Culture

Top 5 Disturbing Philosophical Ideas

by on May 26, 2015
 

It’s a brand new day!
And the sun is high
All the birds are singing
That you’re going to die.

Wait, wait, wait. Hold up. I didn’t mean to put a damper on your morning. The idea of being reminded of your own mortality, I admit, doesn’t particularly strike me as the best way to begin my day (‘Hi, morning, what’s up?’ ‘Oh good morning, nothing much, just having breakfast over the morning news contemplating the insignificance of my own existence.’ A bit grim, to say the least.)

Then again, we humans are so astonishingly capable of forgetting the inevitability of our death, maybe it’s safe to say that we need some reminding. And can you blame us for forgetting that fact? Daily life does such a good job of putting us to the grind and getting us lost in the throes of the mundane routine – the same commute, the same faces you see everyday, the same ‘How are you?’s you ask (even though you’re not really exactly inquisitive about the sordid day-to-day affairs of your boring neighbour). It’s no wonder then, that death would escape our tiny mortal minds. But there it is, that little piece of information safely tucked away to the back of our heads, crouching in waiting as we go about our business, mowing our lawns and getting haircuts.

So we thought it would be a good idea to ruffle those idle thoughts and bring up a few important questions that serve to jerk us out of our dead-pan routines.

We present to you the five most disturbing philosophical ideas – be advised: Do not read immediately before going to sleep; do not read on an empty stomach.
Ready to begin? Here we go:

Causal Determinism

or You don’t really have choice over what ice-cream flavour you want.

Every thing you do, you’re only doing because so many things and people and events have come before you, to lead you to where you are. Every action is governed by things that are not in your control. When you ‘decide’ to do something, you can only do it because the state of the world is such that it led to you and where you are. Think about it – you may think you have choice; but all that ‘choice’ is just choosing things put inside a box already handed out to you. Free will is an illusion.

Eternal Recurrence

or Do you feel like this has happened before?

It was Nietzsche who puzzled philosophers with this idea: Anything that happens, has already happened. And not just once, but infinite times. At first, that seems absurd. But let us remind ourselves, that as of now, we are into the 21st century and millions of years into existence of continuous change and evolution and destruction. And, we are nowhere near to beginning to comprehend the beginning or ending of time. Eternal recurrence is a concept which says that the universe has been recurring, and will continue to recur an infinite number of times across infinite time and infinite space. Nietzsche contemplates the idea as potentially “horrifying and paralyzing”, and says that its burden is the “heaviest weight” imaginable.

Solipsism

or When I Close My Eyes, The World Drops Dead

Now, here’s a mind bender. Have you ever felt like you were in a movie, or a book, with all the people and events happening in your life merely the work of a fancy of someone else? Or worse: of your own imagination? Well, solipsism reaffirms that belief. It is the idea that only your mind is real. All that exists, exists in your head. This idea seems to have held eternal fascination with artists and it consistently shows up in works of art and music. For example, in Strawberry Fields Forever, John Lennon asserts,‘Living is easy / with eyes closed, misunderstanding all you see…Nothing is real / and nothing to get hung about.’ Films like The Truman Show, The Matrix, and The Cube also explore this concept.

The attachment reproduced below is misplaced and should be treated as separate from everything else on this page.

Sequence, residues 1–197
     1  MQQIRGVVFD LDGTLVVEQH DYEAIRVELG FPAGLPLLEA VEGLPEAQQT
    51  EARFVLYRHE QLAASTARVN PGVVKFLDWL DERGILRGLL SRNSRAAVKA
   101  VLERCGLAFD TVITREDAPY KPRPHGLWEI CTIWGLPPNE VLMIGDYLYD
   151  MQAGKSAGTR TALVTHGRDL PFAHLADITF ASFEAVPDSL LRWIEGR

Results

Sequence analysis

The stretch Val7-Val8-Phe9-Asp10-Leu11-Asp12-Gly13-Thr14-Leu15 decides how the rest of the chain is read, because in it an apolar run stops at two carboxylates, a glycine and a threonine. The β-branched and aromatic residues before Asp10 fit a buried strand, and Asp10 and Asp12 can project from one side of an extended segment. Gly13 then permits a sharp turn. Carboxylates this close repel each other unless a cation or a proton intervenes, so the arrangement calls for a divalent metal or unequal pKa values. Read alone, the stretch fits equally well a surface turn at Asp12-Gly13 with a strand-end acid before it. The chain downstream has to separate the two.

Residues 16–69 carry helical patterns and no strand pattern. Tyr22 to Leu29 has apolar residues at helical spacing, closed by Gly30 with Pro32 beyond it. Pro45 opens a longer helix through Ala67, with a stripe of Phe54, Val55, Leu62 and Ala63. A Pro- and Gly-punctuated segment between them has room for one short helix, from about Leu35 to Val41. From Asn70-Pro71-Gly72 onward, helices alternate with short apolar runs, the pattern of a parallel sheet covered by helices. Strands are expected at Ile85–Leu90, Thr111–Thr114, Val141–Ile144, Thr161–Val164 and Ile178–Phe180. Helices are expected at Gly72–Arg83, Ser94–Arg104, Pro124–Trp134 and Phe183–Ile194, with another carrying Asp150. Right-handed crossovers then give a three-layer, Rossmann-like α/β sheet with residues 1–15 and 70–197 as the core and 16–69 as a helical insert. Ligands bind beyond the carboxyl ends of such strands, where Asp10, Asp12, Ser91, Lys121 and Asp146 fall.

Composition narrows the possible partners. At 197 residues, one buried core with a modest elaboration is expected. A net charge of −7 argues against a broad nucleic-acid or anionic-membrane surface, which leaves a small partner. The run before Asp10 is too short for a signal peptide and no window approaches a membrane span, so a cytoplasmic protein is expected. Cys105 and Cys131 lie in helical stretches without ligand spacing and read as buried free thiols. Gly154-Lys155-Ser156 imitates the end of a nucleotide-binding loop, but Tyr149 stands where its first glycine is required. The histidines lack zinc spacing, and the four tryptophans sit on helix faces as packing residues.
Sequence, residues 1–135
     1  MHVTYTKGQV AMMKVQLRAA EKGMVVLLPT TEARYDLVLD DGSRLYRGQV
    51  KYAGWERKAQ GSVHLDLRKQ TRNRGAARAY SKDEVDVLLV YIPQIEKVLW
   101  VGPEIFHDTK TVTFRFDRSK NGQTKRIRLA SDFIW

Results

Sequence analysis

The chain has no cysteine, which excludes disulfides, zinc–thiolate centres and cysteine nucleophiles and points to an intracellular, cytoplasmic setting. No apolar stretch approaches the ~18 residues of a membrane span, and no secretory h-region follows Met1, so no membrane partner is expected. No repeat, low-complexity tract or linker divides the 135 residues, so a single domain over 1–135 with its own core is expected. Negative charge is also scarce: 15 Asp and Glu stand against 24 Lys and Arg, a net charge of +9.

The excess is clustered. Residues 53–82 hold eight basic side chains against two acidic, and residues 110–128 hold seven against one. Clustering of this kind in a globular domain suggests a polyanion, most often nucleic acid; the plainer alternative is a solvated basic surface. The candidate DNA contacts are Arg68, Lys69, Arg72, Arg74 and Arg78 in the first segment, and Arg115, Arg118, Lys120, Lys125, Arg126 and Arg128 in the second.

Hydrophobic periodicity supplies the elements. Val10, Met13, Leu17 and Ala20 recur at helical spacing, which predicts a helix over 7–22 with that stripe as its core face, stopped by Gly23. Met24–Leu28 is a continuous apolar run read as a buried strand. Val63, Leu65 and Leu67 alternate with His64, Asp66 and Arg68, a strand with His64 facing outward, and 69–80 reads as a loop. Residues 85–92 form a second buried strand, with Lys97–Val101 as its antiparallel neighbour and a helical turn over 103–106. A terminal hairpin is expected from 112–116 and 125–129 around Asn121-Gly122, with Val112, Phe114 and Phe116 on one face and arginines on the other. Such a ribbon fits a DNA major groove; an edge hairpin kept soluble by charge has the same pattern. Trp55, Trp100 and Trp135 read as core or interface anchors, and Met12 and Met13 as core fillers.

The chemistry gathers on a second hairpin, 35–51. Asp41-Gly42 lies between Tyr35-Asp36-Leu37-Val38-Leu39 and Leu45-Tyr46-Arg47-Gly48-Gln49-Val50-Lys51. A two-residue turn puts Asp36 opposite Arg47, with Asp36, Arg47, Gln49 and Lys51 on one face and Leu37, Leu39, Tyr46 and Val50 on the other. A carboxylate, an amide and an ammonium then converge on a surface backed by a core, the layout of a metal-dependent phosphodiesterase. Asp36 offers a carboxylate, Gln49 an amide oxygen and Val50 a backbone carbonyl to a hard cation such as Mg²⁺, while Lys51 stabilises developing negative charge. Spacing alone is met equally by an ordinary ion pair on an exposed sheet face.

Existentialism

or Help! I’m a Random Speck of Dust Floating in Space With No Meaning or Purpose!

Ah, existentialism. Often seen by people as godless, hopeless, depressing bundle of thought. ‘What do you mean, we have no purpose? That we’re random? That we have no special place in the universe?’ or, in less patient company, ‘Ha! Throw your Sartre and Camus at me as much as you like, but do you seriously mean to tell me that I’m not here for a reason God meant it to be?’ Yes, dear reader, I mean exactly that. If you take a second (or third, or fourth, or as long as it takes you) glance at this philosophy, you will realise that it’s not really depressing at all. In fact, quite the opposite. The belief that you were born into the world without any special purpose laid out for you sets you free from the illusion of fatalism (that is, everything is laid out for you, or what we call ‘destiny’.) The universe is neither benevolent nor malevolent. Everything that exists, exists. Our ego would like to believe that we’re special, that we have some purpose. But that’s what the idea is saying: You make the meaning. You make your own purpose. So instead of saying life is meaningless, what it really is saying is Hi, you’re here, you’re alive, you give your life your own meaning. You are here and one day you will die. The time between that is all yours. I think that knowledge is at once liberating, and beautiful.

Nothing is Certain

or Wait, Are You Sure About That?

The nature of Truth is one concept that has infuriated and fascinated countless people in equal measure. The idea that 1) Absolute truth doesn’t exist; and 2) It is impossible to be certain of something completely; is definitely unsettling. That is because what is true to you may not be true for me. Your reality is not the same as that of your dog. What is absolute truth, and who decides it? There is no way of being sure.

So there you have it. Good morning and enjoy your breakfast.

Remember, you are going to die.

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